The fragility of the frosty reed beds by the Exe contrast with the monumentality of the concrete motorway viaduct. Incredibly the river Exe starts just a few kilometres from the north coast of Somerset in Exmoor but perversely chooses to run south right across the country to get to the sea here.
I’m surprised that Powderham Castle and estate is actually lived in today by the Earl of Devon rather than surviving as a conference centre or National Trust enterprise. I can’t decide wether I think this is a good thing or not. I’m sitting below the incongruous burgundy powderham.co.uk sign applying blister plasters to my heels when a woman exclaims ”Oh dear!” in a Scottish accent with a smile as she walks past me.
I head into the Atmospheric Railway pub for lunch named after Brunel’s ill fated vacuum driven rail service that ran here briefly. I’m very glad to get out of the cold and am met equally warmly by the regulars curious where the backpacker in their midst is heading. However I don’t think I’ll be heeding the notice behind the bar that reads ‘If at first you don’t succeed give up and go to the pub’.
Dawlish Warren is a drab and tawdry holiday resort who’s charmlessness is only emphasised by the jolly rainbow signs stating ‘The Fun Starts Here’ and Miami style graphics of palm trees and golden sands.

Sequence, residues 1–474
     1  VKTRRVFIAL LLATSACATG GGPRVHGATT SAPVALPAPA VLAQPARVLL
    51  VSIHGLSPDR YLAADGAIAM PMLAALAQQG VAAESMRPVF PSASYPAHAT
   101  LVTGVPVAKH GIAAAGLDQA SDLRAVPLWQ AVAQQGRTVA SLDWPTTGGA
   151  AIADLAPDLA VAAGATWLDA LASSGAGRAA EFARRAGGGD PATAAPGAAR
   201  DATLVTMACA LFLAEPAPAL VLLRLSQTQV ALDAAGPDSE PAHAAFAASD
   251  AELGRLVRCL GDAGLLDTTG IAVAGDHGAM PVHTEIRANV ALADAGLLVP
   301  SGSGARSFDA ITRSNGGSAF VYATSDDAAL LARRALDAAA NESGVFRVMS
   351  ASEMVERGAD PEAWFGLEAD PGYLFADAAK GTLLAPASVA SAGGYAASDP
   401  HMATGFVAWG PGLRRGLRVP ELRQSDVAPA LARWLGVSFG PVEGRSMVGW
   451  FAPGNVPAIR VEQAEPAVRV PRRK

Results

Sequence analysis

Seeing trains passing close to the sea next to the red cliffs is so beguiling and iconically British that I stop for a while with a stupid grin watching the spectacle on the footbridge like a dyed-in-the-wool trainspotter.
Dog walkers scurry along the breakwater occasionally getting splashed by mighty waves – this must be a local amusement. I try my luck following along: first a wave breaks to my front then to the back and finally I get a wave full in the face as I shield my camera with my body like a baby.
Continuing into Dawlish the waves splashing over the breakwater shift from being entertaining to alarming and I end up being forced to backtrack and taking a higher inland route. Moral of the story: Devonian dog walkers are adrenaline junkies not to be trusted!
Sorry you got soaked in the process, but the photos of the sea crashing against the breakwater are wonderful.
It wasn’t as bad as being rained on all day! Glad you like etc breakwater photos – the water droplets are frozen at 1/4000 second which is about as fast as my camera can go
Reblogged this on Geometry & Silence.
The Breakwater is very dramatic
Thanks, it wasn’t even that stormy must be insane in a gale!
Exminster Marshes Nature Reserve, Devon.
The old tree trunk in the near right foreground looks like a mystical eared figure offering homage to the pylon!
It does. Must be a member of the Pylon Appreciation Society!